More than half of the electricity produced in Finland last year came from renewable energy sources, according to preliminary figures released by Statistics Finland on Tuesday.
This marks the first time the share of renewable sources has risen above 50 percent, the number-crunching agency noted.
"Electricity produced with renewable energy sources totalled a record amount of 34.7 TWh. For the first time, renewable energy sources covered more than one half of Finland's electricity production: 52 percent," the agency's press release stated.
The rise in renewables was mostly driven by the "considerable" increase in the use of hydro and wind power, which accounted respectively for 45 percent and 23 percent of all renewable electricity generated in 2020.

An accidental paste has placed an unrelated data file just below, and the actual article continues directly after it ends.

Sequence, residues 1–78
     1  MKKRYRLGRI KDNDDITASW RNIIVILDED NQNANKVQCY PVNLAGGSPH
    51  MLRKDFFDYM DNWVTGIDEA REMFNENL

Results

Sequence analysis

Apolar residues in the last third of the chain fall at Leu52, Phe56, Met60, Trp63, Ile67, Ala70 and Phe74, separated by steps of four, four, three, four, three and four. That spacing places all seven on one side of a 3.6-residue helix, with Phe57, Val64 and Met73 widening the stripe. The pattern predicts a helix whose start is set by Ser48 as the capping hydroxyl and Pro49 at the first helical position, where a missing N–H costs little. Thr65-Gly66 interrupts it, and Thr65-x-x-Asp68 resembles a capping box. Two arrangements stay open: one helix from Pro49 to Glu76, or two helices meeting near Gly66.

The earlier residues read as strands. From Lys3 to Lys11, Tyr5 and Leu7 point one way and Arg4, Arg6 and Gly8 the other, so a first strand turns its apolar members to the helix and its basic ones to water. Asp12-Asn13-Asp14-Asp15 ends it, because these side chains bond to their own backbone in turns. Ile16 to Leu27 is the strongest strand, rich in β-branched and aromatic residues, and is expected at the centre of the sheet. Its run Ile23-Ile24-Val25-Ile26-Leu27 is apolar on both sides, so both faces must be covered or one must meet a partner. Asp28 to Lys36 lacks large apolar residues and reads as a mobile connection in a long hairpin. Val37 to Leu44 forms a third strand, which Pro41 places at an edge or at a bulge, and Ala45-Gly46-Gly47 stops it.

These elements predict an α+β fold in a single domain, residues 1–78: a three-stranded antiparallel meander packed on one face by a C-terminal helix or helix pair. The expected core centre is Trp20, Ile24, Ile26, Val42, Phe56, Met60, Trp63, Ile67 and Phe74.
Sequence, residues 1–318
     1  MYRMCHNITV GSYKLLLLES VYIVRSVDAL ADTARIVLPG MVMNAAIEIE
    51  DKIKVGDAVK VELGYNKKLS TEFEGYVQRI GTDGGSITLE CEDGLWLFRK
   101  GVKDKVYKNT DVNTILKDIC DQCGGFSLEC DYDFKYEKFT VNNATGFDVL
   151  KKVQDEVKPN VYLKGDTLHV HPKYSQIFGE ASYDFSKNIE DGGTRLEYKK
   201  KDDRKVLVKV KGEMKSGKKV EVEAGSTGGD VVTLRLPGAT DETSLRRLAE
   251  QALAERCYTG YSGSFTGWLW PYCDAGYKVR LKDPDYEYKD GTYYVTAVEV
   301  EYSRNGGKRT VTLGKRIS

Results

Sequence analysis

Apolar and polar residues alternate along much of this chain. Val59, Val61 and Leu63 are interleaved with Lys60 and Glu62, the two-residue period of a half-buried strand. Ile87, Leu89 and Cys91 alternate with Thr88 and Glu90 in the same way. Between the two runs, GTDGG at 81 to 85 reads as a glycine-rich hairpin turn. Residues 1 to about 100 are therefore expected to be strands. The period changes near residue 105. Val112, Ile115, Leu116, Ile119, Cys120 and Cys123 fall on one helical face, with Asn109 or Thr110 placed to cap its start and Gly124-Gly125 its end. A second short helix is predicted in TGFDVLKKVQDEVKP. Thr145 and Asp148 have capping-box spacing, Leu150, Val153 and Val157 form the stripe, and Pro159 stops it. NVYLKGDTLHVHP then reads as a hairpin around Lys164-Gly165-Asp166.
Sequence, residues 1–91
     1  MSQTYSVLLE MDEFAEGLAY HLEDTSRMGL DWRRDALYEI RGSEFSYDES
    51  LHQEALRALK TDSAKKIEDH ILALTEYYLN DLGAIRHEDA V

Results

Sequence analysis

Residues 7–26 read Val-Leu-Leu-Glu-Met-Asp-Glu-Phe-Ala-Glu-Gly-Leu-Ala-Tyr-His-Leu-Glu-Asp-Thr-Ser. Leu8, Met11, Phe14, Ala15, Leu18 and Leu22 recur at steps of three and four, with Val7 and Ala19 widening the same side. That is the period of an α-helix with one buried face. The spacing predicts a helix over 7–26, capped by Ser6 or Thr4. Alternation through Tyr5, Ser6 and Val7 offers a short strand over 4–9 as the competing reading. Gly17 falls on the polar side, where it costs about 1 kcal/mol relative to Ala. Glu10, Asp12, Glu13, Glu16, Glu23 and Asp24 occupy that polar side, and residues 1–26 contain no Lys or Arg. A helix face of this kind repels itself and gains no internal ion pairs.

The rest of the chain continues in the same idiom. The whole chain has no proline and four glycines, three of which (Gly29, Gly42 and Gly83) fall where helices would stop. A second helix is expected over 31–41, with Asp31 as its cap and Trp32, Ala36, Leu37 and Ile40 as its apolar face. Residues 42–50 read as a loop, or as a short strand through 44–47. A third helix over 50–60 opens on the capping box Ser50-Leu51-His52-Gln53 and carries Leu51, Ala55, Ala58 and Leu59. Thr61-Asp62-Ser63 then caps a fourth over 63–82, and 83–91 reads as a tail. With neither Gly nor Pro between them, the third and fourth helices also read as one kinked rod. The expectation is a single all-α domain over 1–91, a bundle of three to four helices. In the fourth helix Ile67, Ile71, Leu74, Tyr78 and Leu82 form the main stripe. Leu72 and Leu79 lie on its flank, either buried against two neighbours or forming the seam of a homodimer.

Yle News' podcast All Points North recently explored new findings that onshore wind farms will blow away other energy production methods in Finland. Article continues after the audio.
In terms of total electricity production, 82 percent was covered by domestic production and 18 percent by net imports of electricity from the Nordic countries, Russia and Estonia.
Of the domestic production figure, some 34 percent was produced with nuclear power and 14 percent with fossil fuels and peat.
The amount of electricity produced with fossil fuels last year was therefore down by 20 percent compared to 2019, while use of peat was down 29 percent and coal by 44 percent, Statistics Finland's figures further revealed.